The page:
The impact of hemiparalysis on the expression of osteoarthritis

Rafael Segal, Eliezer Avrahami, Ela Lebdinski, Beno Habut, Arthur Leibovitz, Israel Gil, Michael Yaron, Dan Caspi*

*Corresponding author for this work

Research output: Contribution to journalArticlepeer-review

30 Scopus citations


Objective. Primary generalized osteoarthritis (OA), the most prevalent joint disease, is usually symmetric. Sporadic case reports mention decreased OA manifestations in limbs in which there are neurologic deficits, but no systematic research has been published. The aim of the present study was to examine these observations in a planned and controlled survey in a group of patients with OA. Methods. Seventy-five geriatric patients with a history of stroke and hemiparalysis were studied clinically and radiographically (hand radiographs; graded according to a modified Altman method) for the presence and the degree of OA in the hands. Detailed clinical and radiologic scores were calculated for each hand. Demographic, occupational, and neurologic data were collected. Patients with other joint or neurologic conditions were excluded. A group of 55 elderly patients without stroke were similarly studied (controls). Scores in the paralyzed hand were compared with those in the nonparalyzed hand in the stroke patients and subgroups (by Student's paired t-test and Wilcoxon test). Scores in the dominant hands were compared with those in the nondominant hands in stroke patients and control subjects (by Student's paired t-test and Mann-Whitney test). Correlation between the degree of neurologic damage and OA asymmetry (Pearson's correlation coefficient) was also sought. Results. Paralyzed hands showed significantly fewer OA changes than nonparalyzed hands, both clinically and radiologically. This trend, accentuated in patients with more severe paralysis, disappeared in those with mild residual paresis. Asymmetry of OA was more pronounced in patients with flaccid, compared with spastic, paralysis. The degree of paralysis and loss of muscle strength correlated with the degree of OA asymmetry. Women had significantly higher OA scores than men. In the control group, dominant hands had higher OA scores, but this finding was concealed among hemiparalyzed patients. Lifetime gross occupational load and present grip strength did not correlate with the degree of OA. Conclusion. In elderly patients, hemiparalysis reduces ipsilateral hand expression of OA, while OA is accentuated (or increased) in the dominant hand of patients without paralysis. This first systematic study confirms the findings of previous case reports and lends support to the role of biomechanical factors in the development of OA.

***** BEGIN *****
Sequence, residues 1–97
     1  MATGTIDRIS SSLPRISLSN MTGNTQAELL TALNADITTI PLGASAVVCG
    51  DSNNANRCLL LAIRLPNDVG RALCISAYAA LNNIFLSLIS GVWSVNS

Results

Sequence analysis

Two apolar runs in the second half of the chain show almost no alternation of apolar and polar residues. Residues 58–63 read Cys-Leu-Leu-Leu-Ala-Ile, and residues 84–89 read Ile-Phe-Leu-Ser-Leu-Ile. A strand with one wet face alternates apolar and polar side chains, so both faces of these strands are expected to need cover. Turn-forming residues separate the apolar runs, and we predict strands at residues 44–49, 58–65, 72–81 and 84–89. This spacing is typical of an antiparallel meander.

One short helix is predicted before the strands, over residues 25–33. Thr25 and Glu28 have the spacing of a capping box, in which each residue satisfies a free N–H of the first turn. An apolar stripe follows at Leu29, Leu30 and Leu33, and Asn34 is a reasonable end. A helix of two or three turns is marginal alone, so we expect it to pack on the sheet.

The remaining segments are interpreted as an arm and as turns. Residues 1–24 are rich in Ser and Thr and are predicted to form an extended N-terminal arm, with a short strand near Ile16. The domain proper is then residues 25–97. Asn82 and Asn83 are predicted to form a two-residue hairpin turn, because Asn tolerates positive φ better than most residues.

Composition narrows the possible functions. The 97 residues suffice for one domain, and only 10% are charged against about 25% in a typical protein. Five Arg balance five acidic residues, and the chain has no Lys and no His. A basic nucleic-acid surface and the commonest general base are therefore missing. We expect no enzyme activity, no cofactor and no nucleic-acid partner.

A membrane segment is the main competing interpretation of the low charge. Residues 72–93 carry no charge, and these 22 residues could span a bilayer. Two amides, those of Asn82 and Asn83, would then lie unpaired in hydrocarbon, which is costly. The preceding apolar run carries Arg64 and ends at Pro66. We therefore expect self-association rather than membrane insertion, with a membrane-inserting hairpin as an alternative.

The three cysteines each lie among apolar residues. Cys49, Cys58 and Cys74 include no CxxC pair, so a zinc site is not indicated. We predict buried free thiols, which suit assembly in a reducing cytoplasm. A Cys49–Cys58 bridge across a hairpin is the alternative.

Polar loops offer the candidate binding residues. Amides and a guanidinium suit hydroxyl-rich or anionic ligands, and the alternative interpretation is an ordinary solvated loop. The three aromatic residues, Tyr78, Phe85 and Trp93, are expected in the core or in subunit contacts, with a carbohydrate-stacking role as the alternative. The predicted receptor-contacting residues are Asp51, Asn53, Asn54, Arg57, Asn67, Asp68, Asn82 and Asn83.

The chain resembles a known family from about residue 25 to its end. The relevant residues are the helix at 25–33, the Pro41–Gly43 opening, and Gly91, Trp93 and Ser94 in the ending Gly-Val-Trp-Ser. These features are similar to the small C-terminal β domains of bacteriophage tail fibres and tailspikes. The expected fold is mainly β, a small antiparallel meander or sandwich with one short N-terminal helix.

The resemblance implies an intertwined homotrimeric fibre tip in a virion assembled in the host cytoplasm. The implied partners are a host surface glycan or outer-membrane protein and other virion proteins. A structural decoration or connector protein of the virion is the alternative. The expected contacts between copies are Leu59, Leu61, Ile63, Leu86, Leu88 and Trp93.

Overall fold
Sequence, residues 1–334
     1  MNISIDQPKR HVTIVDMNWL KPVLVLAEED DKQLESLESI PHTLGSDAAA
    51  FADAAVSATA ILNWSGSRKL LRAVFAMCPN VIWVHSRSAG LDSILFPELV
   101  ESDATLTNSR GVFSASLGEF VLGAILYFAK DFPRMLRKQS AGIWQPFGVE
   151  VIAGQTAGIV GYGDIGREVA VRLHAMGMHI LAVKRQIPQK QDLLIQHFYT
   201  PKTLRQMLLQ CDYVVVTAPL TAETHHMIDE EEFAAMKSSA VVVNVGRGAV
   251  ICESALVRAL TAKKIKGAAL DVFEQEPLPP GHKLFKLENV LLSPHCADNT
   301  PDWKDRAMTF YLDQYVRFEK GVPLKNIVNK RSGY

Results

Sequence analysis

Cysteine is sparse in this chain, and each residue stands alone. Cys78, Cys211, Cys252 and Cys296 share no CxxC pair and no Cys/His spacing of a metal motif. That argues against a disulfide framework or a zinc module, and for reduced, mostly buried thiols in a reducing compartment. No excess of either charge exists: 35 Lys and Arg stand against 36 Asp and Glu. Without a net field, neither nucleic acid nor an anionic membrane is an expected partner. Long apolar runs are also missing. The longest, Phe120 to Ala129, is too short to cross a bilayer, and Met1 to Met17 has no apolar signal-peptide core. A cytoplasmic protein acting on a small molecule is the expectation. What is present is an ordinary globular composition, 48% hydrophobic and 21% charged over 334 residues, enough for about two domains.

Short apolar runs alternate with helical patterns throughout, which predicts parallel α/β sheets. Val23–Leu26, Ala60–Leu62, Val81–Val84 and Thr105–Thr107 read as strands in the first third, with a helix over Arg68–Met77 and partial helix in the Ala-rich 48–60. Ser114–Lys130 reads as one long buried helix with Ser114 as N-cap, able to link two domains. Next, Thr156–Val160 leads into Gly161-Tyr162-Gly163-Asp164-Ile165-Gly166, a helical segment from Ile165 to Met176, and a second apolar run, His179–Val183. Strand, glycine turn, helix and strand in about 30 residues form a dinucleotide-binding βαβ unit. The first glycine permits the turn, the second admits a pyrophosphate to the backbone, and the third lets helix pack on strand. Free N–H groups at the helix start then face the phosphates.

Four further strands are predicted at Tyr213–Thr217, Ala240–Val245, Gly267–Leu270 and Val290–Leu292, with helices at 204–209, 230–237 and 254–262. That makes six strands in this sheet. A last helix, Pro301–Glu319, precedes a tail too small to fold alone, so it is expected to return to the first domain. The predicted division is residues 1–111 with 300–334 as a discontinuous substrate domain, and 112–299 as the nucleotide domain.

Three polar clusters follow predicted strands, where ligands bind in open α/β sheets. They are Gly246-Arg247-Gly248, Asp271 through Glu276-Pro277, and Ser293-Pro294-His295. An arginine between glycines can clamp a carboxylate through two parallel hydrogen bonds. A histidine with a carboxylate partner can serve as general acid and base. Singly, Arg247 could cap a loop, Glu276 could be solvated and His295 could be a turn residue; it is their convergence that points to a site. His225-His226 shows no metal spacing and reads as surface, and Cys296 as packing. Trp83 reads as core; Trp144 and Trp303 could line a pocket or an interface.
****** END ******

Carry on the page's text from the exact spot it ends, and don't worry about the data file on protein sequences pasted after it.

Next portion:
Original languageEnglish
Pages (from-to)2249-2256
Number of pages8
JournalArthritis and Rheumatism
Issue number12
StatePublished - 1998


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